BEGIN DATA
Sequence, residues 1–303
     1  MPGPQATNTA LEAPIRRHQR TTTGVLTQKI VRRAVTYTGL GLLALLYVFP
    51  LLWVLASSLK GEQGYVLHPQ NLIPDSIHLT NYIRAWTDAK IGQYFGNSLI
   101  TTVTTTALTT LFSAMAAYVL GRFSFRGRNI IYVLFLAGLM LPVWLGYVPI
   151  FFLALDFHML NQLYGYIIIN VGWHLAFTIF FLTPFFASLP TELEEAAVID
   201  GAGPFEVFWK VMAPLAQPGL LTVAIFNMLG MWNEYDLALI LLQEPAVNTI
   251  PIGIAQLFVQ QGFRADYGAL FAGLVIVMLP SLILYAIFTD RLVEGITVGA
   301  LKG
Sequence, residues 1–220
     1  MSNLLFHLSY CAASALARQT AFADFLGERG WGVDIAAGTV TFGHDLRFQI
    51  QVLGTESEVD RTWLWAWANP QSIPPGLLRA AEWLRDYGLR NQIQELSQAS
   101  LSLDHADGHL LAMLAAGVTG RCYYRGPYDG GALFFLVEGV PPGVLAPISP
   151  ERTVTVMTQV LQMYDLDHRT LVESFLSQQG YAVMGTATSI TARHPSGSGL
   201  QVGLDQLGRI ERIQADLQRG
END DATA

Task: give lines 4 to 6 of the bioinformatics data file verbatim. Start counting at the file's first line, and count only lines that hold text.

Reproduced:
   101  TTVTTTALTT LFSAMAAYVL GRFSFRGRNI IYVLFLAGLM LPVWLGYVPI
   151  FFLALDFHML NQLYGYIIIN VGWHLAFTIF FLTPFFASLP TELEEAAVID
   201  GAGPFEVFWK VMAPLAQPGL LTVAIFNMLG MWNEYDLALI LLQEPAVNTI